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In the era of global terrorism, can the United States remain a free and democratic society as envisioned by the Founding Fathers?

Or are we destined to lose liberties and freedoms in return for greater security and strength?

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There is, of course, no way to know if this will happen.  However, the likelihood of this happening is receding in today’s world.  It would take more terrorist attacks to make it a greater danger.

If we lose our liberties and freedoms, it will be because we are much more afraid of the consequences of keeping them.  This does not appear to be anywhere close to happening.  As an example of this, we have already seen the removal of backscatter x-ray technology at major airports.  An important reason for this was that people had privacy concerns about the degree to which this technology allowed TSA agents to see the passengers’ bodies.  If we are willing to risk more terrorist attacks simply because we do not want same-sex agents to see the shapes of our bodies, it is unlikely that we will stand for more serious incursions on our rights.

Of course, events could cause this situation to change.  There has been no successful terrorist attack on the US in over ten years.  This means that we feel less urgency about terrorism than we might.  If we were to be hit with a string of major attacks, we might change our minds.  For the time being, however, it is clear that we are not willing to countenance serious infringements of our rights for the sake of anti-terrorism.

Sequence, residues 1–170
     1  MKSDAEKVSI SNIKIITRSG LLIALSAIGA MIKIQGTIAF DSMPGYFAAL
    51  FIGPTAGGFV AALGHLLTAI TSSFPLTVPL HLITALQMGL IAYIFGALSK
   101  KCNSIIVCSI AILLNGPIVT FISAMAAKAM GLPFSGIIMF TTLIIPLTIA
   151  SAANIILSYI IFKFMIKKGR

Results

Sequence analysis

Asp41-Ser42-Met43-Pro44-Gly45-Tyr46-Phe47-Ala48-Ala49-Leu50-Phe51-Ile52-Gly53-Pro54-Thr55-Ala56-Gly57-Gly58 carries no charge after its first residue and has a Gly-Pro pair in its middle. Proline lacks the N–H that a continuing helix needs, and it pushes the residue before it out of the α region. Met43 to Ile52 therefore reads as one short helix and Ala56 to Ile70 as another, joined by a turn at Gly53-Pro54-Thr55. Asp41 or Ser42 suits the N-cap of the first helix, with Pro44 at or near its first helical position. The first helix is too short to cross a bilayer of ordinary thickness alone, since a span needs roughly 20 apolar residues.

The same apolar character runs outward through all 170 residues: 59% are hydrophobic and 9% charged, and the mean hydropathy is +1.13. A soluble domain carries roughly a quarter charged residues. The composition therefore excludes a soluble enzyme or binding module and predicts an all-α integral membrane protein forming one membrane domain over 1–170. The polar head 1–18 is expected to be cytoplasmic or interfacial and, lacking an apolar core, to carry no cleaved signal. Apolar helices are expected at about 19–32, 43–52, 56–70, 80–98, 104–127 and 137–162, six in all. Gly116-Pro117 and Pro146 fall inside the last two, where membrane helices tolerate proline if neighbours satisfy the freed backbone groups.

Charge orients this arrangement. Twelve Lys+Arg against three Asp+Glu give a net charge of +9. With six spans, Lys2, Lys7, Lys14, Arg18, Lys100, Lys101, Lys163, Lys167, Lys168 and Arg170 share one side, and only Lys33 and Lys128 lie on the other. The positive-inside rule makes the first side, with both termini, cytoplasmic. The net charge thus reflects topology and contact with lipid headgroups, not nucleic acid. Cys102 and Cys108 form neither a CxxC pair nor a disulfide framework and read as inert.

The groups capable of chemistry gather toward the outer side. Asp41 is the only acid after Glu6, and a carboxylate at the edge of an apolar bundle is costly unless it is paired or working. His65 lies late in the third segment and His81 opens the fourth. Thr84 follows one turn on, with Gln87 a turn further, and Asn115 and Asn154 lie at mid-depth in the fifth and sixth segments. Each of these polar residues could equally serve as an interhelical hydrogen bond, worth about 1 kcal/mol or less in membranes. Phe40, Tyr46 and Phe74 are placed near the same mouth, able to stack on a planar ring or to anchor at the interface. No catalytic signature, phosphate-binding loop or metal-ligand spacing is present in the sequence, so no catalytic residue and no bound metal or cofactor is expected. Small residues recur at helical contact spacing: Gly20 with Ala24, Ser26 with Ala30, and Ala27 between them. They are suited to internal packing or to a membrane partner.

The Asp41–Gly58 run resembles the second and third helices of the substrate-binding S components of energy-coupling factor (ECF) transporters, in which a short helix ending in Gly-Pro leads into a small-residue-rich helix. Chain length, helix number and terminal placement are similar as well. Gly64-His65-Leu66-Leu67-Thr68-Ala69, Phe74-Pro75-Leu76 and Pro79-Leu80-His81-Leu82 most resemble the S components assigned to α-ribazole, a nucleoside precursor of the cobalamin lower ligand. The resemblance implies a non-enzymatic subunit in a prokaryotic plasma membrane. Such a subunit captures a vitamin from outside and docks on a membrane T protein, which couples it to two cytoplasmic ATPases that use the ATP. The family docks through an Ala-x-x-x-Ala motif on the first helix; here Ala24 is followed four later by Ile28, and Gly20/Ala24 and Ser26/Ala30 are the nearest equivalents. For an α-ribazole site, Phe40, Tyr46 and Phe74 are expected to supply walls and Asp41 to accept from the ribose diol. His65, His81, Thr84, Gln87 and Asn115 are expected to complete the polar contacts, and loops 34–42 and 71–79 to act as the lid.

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In the era of global terrorism, can the United States remain a free and democratic society as envisioned by the Founding Fathers or are we destined to lose liberties and freedoms in return for greater security and strength?

Although many Americans are worried about the idea that we might lose our liberties because of the war on terror, it does not seem likely that this will happen.  We have faced dangers that seemed to be graver in the past without having lost our freedoms and so there is no reason to believe that we will lose them today.

In the 1950s, we faced a threat that was at least as great (at least in people’s minds) as the threat posed by terrorism.  At that time, there was a strong fear of communism and this fear was even more widespread than the fear of terrorism is today.  Rightly or wrongly, we in the US today only real fear terrorism from a relatively small group of Muslim extremists.  In the 1950s, by contrast, people felt that anyone could potentially be a communist.  This is why there was the desire to have teachers sign loyalty oaths and to blacklist Hollywood types who might be communists. 

Today, we are more suspicious of the government than we were in the 1950s.  Many people would be much more reluctant to give up their rights than people were in the ‘50s.  This combination should reassure us.  We are more resistant to government taking our rights away and the threat of terrorism does not require the same sort of domestic vigilance that the threat of communism did.  Therefore, it seems unlikely that we will lose our democratic freedoms now when we did not lose them 60 years ago under worse circumstances.

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